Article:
This vintage animal puzzle was last summer’s bounty for wandering into one of my favorite shops, Maison Bergogne, in Narrowsburg, NY. I wasn’t exactly drawn in by the box, so I’m not quite sure why I removed the lid. Needless to say, I was pleased that my curiosity got the better of me. I should know that if something is in Juliette and Anie’s shop, it will likely be special in one way or another. And that taking the time to explore yields many aesthetic rewards. My favorite cards in the puzzle are the ones that have been repaired with a needle and thread. *See the rat and the fox.
Oh, and keep in mind that sometime in early summer, Juliette, along with biz partner Laura Silverman, plan to open bar/cafe Fish & Bicycle.
I don’t play games on my phone or tablet. Not because of some principled stance opposing them, or because I think they are boring and repetitive. Nope, my reasoning stems from experience: latent addiction is just waiting to devour all aspects of my life. Enter Catch…an elegant, playful, and visually stunning iOS game designed, developed and coded by Andy Bergmann. Andy is an executive creative director at CNN and all around talented guy. The premise of the game is as simple as it gets: catch the ball. There are no instructions on how to accomplish this simple action. No need. You start tapping and swiping, and soon enough you’ve got it. Until the next level (there are 50), when other objects are introduced into the mix as a means to increase the game’s difficulty. Did I mention that the hand and the objects exist on different 3-dimensional planes? According to Bergmann, “Catch requires an interesting combination of spacial perception and eye-hand coordination.” Catch appeals in large part because of its simplicity and unique graphic sensibility. I see a twelve step program in my future.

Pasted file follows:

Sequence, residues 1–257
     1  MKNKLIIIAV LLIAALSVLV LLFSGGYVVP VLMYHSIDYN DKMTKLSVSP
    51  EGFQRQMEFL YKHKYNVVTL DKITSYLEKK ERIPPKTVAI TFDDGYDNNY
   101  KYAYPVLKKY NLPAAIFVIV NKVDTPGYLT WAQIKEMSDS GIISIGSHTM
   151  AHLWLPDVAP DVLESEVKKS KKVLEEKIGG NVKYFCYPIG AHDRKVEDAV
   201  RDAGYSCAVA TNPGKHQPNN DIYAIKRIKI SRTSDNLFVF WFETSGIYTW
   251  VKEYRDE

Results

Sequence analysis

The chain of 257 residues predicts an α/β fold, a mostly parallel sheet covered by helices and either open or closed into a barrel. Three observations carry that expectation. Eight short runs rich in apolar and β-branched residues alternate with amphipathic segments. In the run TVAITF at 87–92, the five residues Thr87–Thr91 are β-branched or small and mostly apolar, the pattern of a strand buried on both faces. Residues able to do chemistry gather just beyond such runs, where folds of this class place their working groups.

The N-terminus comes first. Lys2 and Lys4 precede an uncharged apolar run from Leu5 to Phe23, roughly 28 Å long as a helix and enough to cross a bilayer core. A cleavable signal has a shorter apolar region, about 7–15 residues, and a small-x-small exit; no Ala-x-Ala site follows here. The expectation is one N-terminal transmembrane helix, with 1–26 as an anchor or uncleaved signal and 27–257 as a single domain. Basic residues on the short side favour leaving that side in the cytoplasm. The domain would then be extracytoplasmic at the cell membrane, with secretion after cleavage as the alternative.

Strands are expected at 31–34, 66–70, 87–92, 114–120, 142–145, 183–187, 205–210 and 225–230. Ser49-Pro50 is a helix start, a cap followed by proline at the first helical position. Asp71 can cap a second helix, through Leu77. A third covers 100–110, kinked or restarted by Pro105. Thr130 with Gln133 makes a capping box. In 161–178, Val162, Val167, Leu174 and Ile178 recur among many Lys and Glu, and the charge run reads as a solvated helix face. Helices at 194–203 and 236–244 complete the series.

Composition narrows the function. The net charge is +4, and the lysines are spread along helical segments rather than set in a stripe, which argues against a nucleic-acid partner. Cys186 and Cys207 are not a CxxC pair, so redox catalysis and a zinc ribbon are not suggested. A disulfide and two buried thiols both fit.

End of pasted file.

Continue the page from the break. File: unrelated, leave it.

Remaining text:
Here’s a nice write-up in Fast Co.
To download Catch, click here. Free for a limited time on iTunes.
Found at P.S. Bookshop in Dumbo. I thought about asking my husband or my friend’s daughter to model the masks, but then felt bad about dismantling the book. However, I couldn’t resist popping out the eyes. How about that high-tech chest control panel, eh? And, anyone want to help redesign the Rebel Alliance logo?
I am always on the lookout for good packaging, so imagine my total delight when I found an entire box of Wiffle Balls sitting on a bottom shelf in the toy section of our local supermarket. The packaging looks almost unchanged from earlier versions. And, as far as I’m concerned, they should keep it that way. Made in Connecticut since 1953, the Wiffle® Ball was invented by David N. Mullany. At the time, he was an unemployed semi-professional pitcher who saw his 12 year old son making a mess of his arm after throwing too many curve balls with a standard baseball. For more history and rules go here. And, thanks to my friend Nancy’s superior memory, here is a story that ran on NPR in September of last year.
The other day The Improvised Life posted this video created by artist Sipho Mabona. There must be an innate fascination with seeing something realtively complex “literally” unfold in reverse.
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